A new study that was recently published in the Netherlands has shown a connection between marijuana use in teenagers and psychosis; furthering the debate regarding early age marijuana use.
The study was published in the journal Addiction and complied data from 2,120 Dutch teenagers who had previously admitted to using marijuana. The study was concerned with determining if adolescent marijuana use contributed to a higher percentage of developed psychosis cases or if it had a negligible effect.
For the study the participants were given psychosis vulnerability tests to determine if they were more or less likely to suffer from hallucinations and delusions. Those tests included questions regarding their ability to concentrate, if they hallucinate and their attitudes towards loneliness.
"We have focused mainly on temporal order; is it the chicken or the egg? As the study shows, it is a bidirectional relationship," Merel Griffith-Lendering, the study's lead author and a doctoral candidate at Leiden University in the Netherlands, told Reuters.
Researchers found 940 teens, or roughly 44 percent, of those who reported smoking pot, showed signs of possible psychosis showcasing a primitive bidirectional link between pot use and psychosis.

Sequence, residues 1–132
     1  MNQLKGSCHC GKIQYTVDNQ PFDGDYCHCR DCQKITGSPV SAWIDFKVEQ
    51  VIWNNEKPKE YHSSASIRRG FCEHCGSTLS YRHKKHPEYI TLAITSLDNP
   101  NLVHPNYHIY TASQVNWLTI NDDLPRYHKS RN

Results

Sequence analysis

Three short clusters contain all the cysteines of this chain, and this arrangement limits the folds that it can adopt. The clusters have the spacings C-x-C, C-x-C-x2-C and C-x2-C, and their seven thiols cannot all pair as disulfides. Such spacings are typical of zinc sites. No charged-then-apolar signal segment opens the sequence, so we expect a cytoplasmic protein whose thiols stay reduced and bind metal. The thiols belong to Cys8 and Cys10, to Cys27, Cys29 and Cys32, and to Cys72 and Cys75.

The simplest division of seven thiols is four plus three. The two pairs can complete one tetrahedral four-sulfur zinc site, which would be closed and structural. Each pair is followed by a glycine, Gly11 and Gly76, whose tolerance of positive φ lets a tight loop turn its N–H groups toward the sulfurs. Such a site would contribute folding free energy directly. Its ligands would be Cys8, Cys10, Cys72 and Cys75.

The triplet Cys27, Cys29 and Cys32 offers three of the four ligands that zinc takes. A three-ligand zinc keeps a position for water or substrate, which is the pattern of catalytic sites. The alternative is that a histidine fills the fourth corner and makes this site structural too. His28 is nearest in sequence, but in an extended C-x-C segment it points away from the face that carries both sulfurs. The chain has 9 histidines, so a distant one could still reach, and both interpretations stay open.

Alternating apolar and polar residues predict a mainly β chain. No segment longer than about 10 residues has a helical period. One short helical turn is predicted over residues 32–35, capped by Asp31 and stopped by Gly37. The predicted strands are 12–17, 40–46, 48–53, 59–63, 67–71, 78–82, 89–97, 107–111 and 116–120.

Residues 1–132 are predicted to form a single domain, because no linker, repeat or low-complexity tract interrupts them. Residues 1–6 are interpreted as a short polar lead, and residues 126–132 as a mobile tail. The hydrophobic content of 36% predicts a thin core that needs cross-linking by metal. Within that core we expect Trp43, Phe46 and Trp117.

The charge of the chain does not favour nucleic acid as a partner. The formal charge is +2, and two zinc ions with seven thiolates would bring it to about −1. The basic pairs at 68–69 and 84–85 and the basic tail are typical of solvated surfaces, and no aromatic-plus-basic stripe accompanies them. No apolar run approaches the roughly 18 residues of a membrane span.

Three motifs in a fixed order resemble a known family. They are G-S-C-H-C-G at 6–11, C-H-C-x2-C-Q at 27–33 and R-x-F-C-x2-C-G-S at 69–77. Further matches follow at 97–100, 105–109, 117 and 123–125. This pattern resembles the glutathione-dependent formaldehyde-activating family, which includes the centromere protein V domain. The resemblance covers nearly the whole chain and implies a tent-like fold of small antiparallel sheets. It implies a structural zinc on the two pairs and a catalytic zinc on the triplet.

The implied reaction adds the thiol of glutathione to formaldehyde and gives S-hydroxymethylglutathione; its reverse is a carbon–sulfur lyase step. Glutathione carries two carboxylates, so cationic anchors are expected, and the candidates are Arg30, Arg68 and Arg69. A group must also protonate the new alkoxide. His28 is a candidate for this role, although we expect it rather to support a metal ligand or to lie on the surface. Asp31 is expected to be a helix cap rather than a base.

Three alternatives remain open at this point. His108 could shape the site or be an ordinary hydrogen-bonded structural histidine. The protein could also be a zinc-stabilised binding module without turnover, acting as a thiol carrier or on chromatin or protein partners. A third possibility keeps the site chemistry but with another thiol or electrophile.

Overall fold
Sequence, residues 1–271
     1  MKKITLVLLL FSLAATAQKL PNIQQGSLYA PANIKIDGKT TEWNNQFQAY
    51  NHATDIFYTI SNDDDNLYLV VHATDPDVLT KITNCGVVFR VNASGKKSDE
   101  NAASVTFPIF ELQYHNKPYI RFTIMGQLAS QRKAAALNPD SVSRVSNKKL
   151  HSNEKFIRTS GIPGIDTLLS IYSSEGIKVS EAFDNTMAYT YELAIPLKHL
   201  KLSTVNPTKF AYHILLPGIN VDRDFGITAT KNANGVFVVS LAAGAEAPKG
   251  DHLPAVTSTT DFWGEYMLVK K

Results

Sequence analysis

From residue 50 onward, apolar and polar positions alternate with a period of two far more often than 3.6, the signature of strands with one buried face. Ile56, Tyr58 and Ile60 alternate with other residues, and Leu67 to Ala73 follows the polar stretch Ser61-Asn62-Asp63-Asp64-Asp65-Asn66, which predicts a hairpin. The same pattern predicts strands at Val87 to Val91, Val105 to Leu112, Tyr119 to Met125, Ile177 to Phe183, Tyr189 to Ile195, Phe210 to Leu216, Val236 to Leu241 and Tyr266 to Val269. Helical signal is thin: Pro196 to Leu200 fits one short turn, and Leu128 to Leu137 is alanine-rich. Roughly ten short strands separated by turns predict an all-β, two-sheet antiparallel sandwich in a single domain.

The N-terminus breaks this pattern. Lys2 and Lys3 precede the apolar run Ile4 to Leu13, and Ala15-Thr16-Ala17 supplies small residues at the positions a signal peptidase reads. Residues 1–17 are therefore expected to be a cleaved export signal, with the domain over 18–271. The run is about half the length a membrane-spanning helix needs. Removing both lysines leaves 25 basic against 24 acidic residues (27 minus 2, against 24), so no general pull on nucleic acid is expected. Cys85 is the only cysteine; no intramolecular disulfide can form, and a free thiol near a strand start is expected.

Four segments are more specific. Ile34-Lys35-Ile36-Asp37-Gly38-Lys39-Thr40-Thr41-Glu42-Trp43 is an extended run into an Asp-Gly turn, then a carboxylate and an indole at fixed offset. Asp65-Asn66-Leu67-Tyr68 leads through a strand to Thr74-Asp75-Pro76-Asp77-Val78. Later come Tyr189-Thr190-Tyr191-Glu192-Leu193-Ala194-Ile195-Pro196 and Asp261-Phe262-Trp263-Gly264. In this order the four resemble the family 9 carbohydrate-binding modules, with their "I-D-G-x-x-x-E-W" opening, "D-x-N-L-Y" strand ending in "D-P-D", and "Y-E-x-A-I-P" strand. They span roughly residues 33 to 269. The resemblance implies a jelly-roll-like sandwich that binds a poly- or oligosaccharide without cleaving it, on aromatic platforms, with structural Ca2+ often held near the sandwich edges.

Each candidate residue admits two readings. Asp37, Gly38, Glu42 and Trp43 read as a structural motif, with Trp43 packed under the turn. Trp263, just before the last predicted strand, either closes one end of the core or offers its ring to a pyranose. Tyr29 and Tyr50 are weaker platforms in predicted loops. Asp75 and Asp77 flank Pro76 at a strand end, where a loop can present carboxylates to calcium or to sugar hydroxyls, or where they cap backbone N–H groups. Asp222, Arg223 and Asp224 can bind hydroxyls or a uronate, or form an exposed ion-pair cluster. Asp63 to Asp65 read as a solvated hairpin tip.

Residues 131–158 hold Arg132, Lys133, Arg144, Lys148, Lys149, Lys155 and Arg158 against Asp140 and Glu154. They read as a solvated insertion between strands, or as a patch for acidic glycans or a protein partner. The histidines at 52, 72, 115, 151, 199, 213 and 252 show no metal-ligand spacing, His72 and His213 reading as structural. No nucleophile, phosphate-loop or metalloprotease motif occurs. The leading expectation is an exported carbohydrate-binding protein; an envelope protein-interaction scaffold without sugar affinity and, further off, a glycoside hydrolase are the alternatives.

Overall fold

This study was, in part, a response to earlier research conducted in 2010. For that particular study researchers compiled data from 3,800 Australian teenagers and concluded that adolescents who used marijuana on a consistent basis were roughly twice as likely to develop some form of psychosis as opposed to those adolescents who had never smoked marijuana.
Researchers, however, maintain that this study is not definitive and that possible psychosis may already exist in some adolescents while cautioning that the active ingredient in marijuana may act as an catalyst for such psychosis, but not necessarily being the sole cause.
"We can say for some people that cannabis comes first and psychosis comes second, but for some people they have some (undiagnosed) psychosis (and) perhaps cannabis makes them feel better," Dr. Marta Di Forti, who was not involved with the study, told Reuters.